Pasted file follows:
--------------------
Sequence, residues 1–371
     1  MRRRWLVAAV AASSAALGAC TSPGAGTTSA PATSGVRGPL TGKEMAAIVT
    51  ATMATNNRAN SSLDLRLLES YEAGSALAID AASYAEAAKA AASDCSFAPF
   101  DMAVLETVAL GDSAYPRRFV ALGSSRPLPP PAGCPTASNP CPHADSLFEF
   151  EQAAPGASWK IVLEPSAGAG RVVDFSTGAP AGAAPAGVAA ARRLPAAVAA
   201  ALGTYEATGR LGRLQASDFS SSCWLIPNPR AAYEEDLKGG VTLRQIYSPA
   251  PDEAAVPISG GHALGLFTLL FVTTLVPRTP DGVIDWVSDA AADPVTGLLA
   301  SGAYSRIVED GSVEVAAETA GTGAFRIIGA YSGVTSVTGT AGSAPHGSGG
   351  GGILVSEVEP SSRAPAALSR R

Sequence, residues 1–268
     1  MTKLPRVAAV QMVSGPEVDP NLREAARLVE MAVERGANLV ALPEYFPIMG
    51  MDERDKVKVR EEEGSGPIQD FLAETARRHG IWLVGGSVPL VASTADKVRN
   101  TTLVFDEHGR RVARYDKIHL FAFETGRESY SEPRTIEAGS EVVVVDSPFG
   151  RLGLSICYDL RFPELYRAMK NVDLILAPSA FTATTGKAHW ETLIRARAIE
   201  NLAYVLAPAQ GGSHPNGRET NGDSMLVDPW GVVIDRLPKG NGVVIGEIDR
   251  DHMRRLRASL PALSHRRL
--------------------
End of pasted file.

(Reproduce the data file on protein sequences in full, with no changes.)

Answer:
Sequence, residues 1–371
     1  MRRRWLVAAV AASSAALGAC TSPGAGTTSA PATSGVRGPL TGKEMAAIVT
    51  ATMATNNRAN SSLDLRLLES YEAGSALAID AASYAEAAKA AASDCSFAPF
   101  DMAVLETVAL GDSAYPRRFV ALGSSRPLPP PAGCPTASNP CPHADSLFEF
   151  EQAAPGASWK IVLEPSAGAG RVVDFSTGAP AGAAPAGVAA ARRLPAAVAA
   201  ALGTYEATGR LGRLQASDFS SSCWLIPNPR AAYEEDLKGG VTLRQIYSPA
   251  PDEAAVPISG GHALGLFTLL FVTTLVPRTP DGVIDWVSDA AADPVTGLLA
   301  SGAYSRIVED GSVEVAAETA GTGAFRIIGA YSGVTSVTGT AGSAPHGSGG
   351  GGILVSEVEP SSRAPAALSR R

Sequence, residues 1–268
     1  MTKLPRVAAV QMVSGPEVDP NLREAARLVE MAVERGANLV ALPEYFPIMG
    51  MDERDKVKVR EEEGSGPIQD FLAETARRHG IWLVGGSVPL VASTADKVRN
   101  TTLVFDEHGR RVARYDKIHL FAFETGRESY SEPRTIEAGS EVVVVDSPFG
   151  RLGLSICYDL RFPELYRAMK NVDLILAPSA FTATTGKAHW ETLIRARAIE
   201  NLAYVLAPAQ GGSHPNGRET NGDSMLVDPW GVVIDRLPKG NGVVIGEIDR
   251  DHMRRLRASL PALSHRRL